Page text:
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How cannibal crickets choose their victims

Social interactions influence cannibalistic behavior among migratory bands of crickets, finds a new study published in the Public Library of Science. Cannibalism in turn is a major driving force behind the nature and direction of cricket swarms.

The study, which focused on the Mormon cricket, is one of the first to shed light on the reasons behind the cannibalistic practices of an invertebrate species.

Mormon crickets are a type of flightless katydid which occasionally assemble in swarms which can stretch to over 10km in length, consist of up to several million individuals, and are capable of marching 2km/day. While until recently poorly understood, the mechanisms driving the cohesion of these massive swarms are now thought to be predator evasion and resource acquisition. Radio telemetry conducted on these swarms indicated that individuals which stray from the swarm are at a substantially higher risk of predation.

Another characteristic of these groups is that in addition to consuming every bit of vegetation in their path, the crickets often eat each other. The reason behind this behavior is obvious; huge, concentrated numbers of crickets require huge, concentrated amounts of food. If the landscape doesn’t provide it, a fellow cricket will. However, how these cannibals decide who to eat has until now been a mystery. The cognitive ability required to carry out this kind of relatively complex decision-making was formerly thought to be beyond the capability of insects who were largely assumed to act randomly and without rationale. But in the past decade there’s been a flurry of research which has indicated that many species of insects are capable of utilizing social information. This study indicates that the Mormon cricket has a place on that list.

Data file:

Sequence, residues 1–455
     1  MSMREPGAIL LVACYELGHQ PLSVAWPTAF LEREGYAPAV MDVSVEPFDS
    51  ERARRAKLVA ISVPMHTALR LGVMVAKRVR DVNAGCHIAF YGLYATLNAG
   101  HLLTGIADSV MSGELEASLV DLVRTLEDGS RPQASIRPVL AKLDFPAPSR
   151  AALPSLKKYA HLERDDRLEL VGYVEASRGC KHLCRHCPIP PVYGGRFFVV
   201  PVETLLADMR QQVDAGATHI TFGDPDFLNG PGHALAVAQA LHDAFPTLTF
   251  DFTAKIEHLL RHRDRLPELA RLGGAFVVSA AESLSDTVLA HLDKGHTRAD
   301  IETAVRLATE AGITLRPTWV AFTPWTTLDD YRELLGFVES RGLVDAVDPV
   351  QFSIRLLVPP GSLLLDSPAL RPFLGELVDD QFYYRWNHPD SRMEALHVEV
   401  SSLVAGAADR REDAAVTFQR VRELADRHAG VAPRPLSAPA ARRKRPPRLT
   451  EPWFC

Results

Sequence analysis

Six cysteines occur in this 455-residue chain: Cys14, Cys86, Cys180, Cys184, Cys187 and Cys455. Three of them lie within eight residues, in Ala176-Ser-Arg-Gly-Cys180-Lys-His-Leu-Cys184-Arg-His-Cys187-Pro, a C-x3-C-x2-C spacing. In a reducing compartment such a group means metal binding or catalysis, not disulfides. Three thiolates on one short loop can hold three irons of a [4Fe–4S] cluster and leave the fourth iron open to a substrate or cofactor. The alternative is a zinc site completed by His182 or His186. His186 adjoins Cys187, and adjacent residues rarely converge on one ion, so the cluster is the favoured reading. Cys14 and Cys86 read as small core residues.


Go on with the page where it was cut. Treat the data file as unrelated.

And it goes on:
Photo © Katie Madonia

The researchers observed Mormon cricket swarms in Utah, and conducted experiments which examined various factors such as sex, spatial orientation, and group density. They found that individuals which were not oriented in the direction of the flow were more likely to be attacked and eaten by other crickets than those whose motion was parallel with the rest of the swarm. Females were more likely than males to initiate an attack, however males were more likely to kill their targets. Targeted individuals which were surrounded by nine or more crickets were more likely to be attacked than those which were not heavily surrounded. Individuals which had halted their march were much more likely to be attacked than those which were mobile.

This study supports claims that cannibalistic behavior influences the movement of a swarm as observations indicated that “going with the flow” made it less likely that an individual would be cannibalized, even if population density encouraged cannibalism. In other words, crickets would rather suffer the risk of being eaten by each other than hazard a chance outside a swarm.

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